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Citizen Scientists to help in important national research projects

3 June 2021

Documenting the diversity of Australian insects and protecting turtle populations are just two of the important research projects that members of the public are invited to take part in under the Morrison Government’s Citizen Science grant program.

Almost $4 million has been allocated in this funding round to nine projects that offer opportunities for the public to make a significant contribution to scientific discovery. 

Minister for Industry, Science and Technology Christian Porter said the grants help to raise community awareness and interest in science, while also providing opportunities for social connection and the development of new skills.

“These grants continue the government’s commitment to making science relevant and accessible to people of all ages across the nation and complements our support for events like National Science Week and institutions like Questacon,” Minister Porter said.

“The citizen scientists will learn new skills, form new networks, receive acknowledgement for their efforts, and receive updates on their participation in specific research projects. 

“The work involves the collection or transformation of data in four priority areas: disaster resilience and preparedness; environmental change; cyber security and artificial intelligence; and food and agribusiness. These all have practical applications of benefit to all Australians.”

The funding is being provided over four years and is supported under the Inspiring Australia – Science Engagement Programme (IA-SEP).  Competitive grants of between $150,000 and $500,000 are allocated to successful projects that support community involvement and participation in scientific research.

The nine projects supported under this funding round include:

  • $479,554 for the Museum Board’s (South Australian Museum) “Insect Investigators” program, which engages community members in biodiversity discovery. Schools and community groups in SA, WA and Qld will monitor a Malaise trap, which passively collects flying insects. They will partner with professional taxonomic scientists to document local insect fauna, and potentially name any new species collected in their traps.
     
  • $499,323 for the Menzies School of Health Research to run its “Air in Alice” program. The program aims to raise awareness of air quality issues in Alice Springs caused by dust storms and high heat. Citizen scientists will collect environmental data and use it to develop adaptive solutions for the community.
     
  • $482,745 for Flinders University’s Passport to Recovery program, which will focus on recovery from bushfire on Kangaroo Island and building understanding of recovery from disaster and the impacts of environmental change. The program features culturally significant citizen science activities to engage tourists and locals in the science of recovery, incorporating relevant Indigenous cultural knowledge.
     
  • $499,729 for the “1MillionTurtles” program run by La Trobe University. The national program engages community members to monitor Australia’s declining turtle populations. Citizen scientists will feed their data into a mobile phone app. They will also be provided with training on how to protect turtle habitats from feral predators such as pigs and foxes.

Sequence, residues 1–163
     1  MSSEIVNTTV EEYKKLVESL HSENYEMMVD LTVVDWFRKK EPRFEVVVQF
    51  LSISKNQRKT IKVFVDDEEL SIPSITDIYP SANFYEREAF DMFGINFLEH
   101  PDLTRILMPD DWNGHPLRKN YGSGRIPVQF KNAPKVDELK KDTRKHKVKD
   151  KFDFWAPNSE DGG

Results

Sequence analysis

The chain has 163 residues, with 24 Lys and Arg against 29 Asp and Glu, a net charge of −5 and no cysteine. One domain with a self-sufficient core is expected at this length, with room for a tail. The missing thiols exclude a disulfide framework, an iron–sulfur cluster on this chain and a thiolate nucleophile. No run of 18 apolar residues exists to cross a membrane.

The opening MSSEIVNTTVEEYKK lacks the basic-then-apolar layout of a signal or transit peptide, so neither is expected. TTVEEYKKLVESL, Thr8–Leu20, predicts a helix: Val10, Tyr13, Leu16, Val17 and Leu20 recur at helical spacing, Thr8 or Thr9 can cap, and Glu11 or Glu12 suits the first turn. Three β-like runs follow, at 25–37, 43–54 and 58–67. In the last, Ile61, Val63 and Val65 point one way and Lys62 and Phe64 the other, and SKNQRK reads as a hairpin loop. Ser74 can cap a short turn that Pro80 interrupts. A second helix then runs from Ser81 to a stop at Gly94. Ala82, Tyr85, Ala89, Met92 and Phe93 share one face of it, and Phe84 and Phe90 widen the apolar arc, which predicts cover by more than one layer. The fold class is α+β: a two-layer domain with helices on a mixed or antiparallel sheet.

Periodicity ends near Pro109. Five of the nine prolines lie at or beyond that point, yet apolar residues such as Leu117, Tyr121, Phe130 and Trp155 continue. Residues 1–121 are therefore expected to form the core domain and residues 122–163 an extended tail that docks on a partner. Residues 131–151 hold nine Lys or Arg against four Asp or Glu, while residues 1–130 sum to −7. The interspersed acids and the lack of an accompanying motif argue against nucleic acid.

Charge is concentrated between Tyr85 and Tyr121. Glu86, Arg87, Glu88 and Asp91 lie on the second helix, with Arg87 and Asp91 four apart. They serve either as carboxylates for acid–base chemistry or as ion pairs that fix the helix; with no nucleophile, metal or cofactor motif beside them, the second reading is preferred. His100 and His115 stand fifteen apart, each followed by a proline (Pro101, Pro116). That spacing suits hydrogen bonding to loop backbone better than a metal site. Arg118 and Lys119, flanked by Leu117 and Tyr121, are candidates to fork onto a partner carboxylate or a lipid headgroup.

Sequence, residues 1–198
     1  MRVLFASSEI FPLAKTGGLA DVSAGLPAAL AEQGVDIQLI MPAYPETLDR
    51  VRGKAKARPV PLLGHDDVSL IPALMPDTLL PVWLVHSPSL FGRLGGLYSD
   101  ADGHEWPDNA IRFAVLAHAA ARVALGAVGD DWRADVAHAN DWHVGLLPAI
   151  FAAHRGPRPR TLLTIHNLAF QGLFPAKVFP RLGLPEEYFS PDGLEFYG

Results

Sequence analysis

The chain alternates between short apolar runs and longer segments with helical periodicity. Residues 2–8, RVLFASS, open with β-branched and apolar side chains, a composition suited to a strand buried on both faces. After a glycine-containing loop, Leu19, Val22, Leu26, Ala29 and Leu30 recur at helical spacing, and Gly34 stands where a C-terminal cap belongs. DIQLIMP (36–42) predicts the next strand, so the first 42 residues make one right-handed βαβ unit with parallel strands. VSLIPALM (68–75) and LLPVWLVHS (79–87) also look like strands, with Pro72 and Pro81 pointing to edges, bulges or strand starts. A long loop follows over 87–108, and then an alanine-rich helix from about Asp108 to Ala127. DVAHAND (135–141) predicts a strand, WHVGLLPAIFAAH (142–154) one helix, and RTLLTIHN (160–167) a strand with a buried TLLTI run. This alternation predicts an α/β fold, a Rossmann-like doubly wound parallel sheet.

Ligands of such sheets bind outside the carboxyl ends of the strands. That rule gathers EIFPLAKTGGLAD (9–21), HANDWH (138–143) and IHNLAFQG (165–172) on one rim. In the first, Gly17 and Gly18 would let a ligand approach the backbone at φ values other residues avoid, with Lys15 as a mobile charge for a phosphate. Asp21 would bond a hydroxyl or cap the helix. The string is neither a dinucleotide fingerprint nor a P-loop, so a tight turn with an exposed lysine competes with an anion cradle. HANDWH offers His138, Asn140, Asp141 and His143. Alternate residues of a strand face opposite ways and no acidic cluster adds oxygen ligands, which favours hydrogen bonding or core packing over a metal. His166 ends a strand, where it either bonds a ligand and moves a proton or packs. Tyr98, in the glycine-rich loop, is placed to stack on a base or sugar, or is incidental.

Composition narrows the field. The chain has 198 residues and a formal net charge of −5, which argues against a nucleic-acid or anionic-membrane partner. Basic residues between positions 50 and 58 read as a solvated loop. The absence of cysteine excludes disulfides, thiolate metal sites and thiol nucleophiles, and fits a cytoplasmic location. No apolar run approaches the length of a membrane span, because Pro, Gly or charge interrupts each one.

• $223,115 for the Mulloon Institute’s “Modelling Landscape Rehydration for Catchments, Communities and Curriculum” program, which works together with regional communities to help them better understand how local catchments work, with the aim of making changes that can improve soil rehydration, habit, biodiversity and agricultural yields.
     
  • $280,075 for the University of South Australia’s “Living Lightly Locally: Smarter and stronger through citizen science” program. Participants will engage in an adult education program that guides them to establish baseline household environmental and social data, such as water use, energy use, waste and transport, and set goals for improvement. This will empower them to effect change in their households, while reporting on progress in an interactive online portal.
     
  • $358,165 for the Australian Wine Research Institute’s “Yeast Catchers: fantastic yeasts and how to catch them” program. Citizen scientists will collect yeasts – critical to baking, brewing and pharmaceutical production – in their local area for genomic sequencing to identify and map their distributions across the country.
     
  • $448,136 for the “Turning gardeners into conservationists” program run by the Perth Region NRM Inc. Gardeners will be trained in wildlife survey techniques before implementing wildlife friendly features or actions in their gardens. Data collected before and after the changes are made will highlight the conservation value of residential gardens and wildlife friendly gardening.
     
  • $498,426 for the University of the Sunshine Coast to promote “Bushfire resilience using artificial intelligence and citizen science”. This project involves the design and implementation of NOBURN, an app for citizen scientists to capture photo evidence of fuel-loads, dryness and structure of forests. Artificial intelligence tools will be used to predict the probability, severity and burn area of potential bushfires based on images submitted.

More information about the projects can be found at: https://www.business.gov.au/grants-and-programs/citizen-science-grants/grant-recipients-round-2